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Nothing new from tired Zanu-PF

31 Oct 2021 at 08:44hrs | Views
Zanu-PF's annual conference is underway in Bindura and, predictably, the former liberation party is not proffering any fresh ideas to extricate Zimbabwe from the quicksand of corruption-induced poverty and autocracy.

This week, we were subjected to yet another poignant reminder of Zanu-PF's catastrophic decline as a political formation. Right in the heart of Harare, in broad daylight, President Emmerson Mnangagwa's government deployed truncheon-wielding police to intimidate and arrest veterans of the armed liberation struggle. It was an unsettling spectacle. What crime did these liberators commit? Did they violate the law by simply demanding a better pension? Peaceful protest, lest we forget, is a constitutionally guaranteed right.

Through his outdated brand of heavy-handed politics, Mnangagwa may have finally managed to achieve what pro-democracy campaigners have failed to do for a long time: galvanise internal Zanu-PF opposition to his increasingly problematic misrule.

The powerful symbolism arising from the arrest of 40-odd comrades who were bundled into police trucks by armed officers cannot be ignored. Such barbaric treatment is often reserved for the opposition MDC Alliance, not a wing of the ruling party. The ex-guerillas refused to be cowed - shouting to anyone who cared to listen that Mnangagwa's pampered elites and their cronies were living large while everyone else starved.

Interestingly, Chris Mutsvangwa, who in the past has never lost an opportunity to posture as the glorious leader of a generation of venerated war veterans, was deafeningly quiet this time around. There was no word either from Defence and War Veterans minister Oppah Muchinguri-Kashiri, who is also national chairperson of Zanu-PF. The shocking spectacle of police intimidating and arresting war veterans in central Harare was not an isolated incident. There is a pattern. Fractures within Zanu-PF now run deep.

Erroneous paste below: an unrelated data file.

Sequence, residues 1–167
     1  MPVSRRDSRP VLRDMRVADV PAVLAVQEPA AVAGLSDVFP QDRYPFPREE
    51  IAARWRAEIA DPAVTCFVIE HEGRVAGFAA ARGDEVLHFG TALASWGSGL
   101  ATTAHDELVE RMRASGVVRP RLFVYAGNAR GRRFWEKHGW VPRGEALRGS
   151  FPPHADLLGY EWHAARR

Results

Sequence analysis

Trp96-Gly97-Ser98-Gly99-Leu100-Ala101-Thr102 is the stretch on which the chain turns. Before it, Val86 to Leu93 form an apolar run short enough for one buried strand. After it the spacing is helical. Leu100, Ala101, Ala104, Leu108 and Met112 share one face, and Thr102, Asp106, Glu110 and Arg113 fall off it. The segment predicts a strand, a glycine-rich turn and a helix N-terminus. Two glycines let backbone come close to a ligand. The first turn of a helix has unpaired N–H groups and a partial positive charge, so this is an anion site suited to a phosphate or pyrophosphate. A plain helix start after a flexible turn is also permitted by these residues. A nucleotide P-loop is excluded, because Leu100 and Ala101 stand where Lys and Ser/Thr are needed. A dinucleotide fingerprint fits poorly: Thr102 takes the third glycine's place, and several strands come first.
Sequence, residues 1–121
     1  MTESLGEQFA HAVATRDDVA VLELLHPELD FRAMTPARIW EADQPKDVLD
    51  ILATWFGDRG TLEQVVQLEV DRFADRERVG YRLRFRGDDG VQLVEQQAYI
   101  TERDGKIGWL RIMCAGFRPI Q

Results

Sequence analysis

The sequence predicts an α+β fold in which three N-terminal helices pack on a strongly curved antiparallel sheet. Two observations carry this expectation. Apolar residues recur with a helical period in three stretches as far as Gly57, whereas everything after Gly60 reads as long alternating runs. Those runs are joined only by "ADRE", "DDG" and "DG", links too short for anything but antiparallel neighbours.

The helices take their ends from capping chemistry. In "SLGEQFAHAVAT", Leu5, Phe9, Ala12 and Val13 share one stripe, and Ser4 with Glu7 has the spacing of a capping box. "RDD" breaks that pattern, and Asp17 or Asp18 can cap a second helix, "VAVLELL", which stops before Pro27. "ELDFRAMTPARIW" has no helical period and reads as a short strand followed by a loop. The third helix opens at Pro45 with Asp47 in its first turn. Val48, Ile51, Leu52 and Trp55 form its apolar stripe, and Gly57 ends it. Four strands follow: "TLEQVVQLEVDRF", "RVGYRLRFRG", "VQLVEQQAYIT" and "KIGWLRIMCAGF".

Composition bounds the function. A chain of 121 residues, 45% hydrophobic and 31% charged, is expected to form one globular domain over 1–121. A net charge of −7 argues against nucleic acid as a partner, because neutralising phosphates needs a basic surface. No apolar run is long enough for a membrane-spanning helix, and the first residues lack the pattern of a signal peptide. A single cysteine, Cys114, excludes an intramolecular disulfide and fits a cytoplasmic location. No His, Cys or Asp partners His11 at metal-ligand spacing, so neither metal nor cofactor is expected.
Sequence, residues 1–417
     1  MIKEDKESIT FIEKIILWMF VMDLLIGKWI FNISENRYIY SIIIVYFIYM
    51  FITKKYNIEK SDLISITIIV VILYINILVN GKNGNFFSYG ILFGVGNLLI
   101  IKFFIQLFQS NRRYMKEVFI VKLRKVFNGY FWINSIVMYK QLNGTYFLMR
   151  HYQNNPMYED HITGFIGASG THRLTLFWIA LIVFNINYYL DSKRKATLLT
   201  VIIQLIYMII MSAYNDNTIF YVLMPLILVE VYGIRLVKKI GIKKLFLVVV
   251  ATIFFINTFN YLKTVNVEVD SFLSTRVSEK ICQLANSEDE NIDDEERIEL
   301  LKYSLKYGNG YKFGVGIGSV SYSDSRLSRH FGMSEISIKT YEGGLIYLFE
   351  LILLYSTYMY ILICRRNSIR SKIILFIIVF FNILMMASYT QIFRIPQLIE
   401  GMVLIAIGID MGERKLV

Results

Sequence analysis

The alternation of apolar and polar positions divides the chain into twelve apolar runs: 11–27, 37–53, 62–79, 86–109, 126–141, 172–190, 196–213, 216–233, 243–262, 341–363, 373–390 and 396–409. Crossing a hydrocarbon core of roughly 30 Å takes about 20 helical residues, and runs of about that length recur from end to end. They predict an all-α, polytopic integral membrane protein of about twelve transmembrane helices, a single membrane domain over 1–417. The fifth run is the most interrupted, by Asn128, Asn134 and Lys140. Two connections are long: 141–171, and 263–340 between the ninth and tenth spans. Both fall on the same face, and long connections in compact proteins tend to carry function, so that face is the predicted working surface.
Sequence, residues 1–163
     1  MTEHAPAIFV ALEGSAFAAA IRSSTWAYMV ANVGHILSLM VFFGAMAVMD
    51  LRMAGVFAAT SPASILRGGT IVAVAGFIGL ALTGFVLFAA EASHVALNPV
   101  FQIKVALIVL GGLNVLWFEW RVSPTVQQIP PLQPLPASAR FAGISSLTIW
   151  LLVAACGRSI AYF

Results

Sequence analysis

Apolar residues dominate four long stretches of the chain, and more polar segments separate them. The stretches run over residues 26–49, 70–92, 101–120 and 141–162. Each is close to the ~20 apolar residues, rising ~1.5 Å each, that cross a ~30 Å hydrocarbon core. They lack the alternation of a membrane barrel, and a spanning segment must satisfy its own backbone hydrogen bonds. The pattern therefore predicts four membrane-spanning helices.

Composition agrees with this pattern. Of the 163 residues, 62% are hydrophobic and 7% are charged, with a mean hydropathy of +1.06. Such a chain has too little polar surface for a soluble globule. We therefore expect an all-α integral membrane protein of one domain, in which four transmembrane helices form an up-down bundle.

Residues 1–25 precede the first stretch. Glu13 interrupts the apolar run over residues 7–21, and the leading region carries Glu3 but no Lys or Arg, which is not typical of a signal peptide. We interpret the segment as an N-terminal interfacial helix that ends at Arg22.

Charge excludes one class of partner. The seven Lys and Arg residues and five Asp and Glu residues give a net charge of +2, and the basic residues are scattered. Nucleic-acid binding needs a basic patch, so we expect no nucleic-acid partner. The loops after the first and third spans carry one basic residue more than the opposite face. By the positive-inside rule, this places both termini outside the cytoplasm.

Just a week ago, party member Sybeth Musengezi filed a lawsuit at the High Court challenging Mnangagwa's ascendancy to the helm on the back of the 2017 military coup. He argues that the central committee meeting of 19 November 2017 which propelled him to the helm was a "kangaroo" gathering whose outcome must be declared null and void. The blockbuster lawsuit - even in a country in which judicial capture is no longer an idle supposition but a stark reality - has set the cat among the pigeons.

All this is happening at a time factional strife within Zanu-PF is reaching a crescendo, with party structures in Masvingo and the Midlands torn asunder as heavyweights vie for power and influence.

Ruling party insiders say there is growing exasperation with Mnangagwa's failure to decisively tackle economic hardships and deliver a long overdue democratic dividend. He has, in all respects, squandered the outpouring of goodwill triggered by the dramatic ouster of long-time ruler Robert Mugabe four years ago.

On Mnangagwa's watch, inequality has worsened, with the gap between the haves and the have-nots widening to dangerous levels.

The cartelisation of the economy is now posing an existential threat to the very survival of the troubled republic.

The World Bank says 7.9 million citizens are living in extreme poverty, surviving on less than US$1.90 per day. Citizens - including the disillusioned war veterans who are finally speaking out - feel outraged by the state of the economy. As the former freedom fighters correctly observe, only a few politically connected individuals and their privileged cronies are enjoying the fat of the land, while the overwhelming majority is wallowing in utter deprivation.

But as Zanu-PF bigwigs flock to the Mashonaland Central capital in their luxury vehicles and shiny suits for the annual shindig, they must ask themselves a serious question that demands an urgent answer: What is the big idea at the heart of today's version of Zanu-PF? What is the defining philosophy? The party of Herbert Chitepo, Josiah Tongogara and Eddison Zvobgo has been relegated to a vehicle for primitive accumulation. It has been reduced to a shelf party with neither the vision nor mission required to take the long-suffering masses to a free and prosperous Zimbabwe.

It leaves a sour taste in the mouth that, 41 years after Independence, the country is now a fully fledged authoritarian kleptocracy.

Source - NewsHawks
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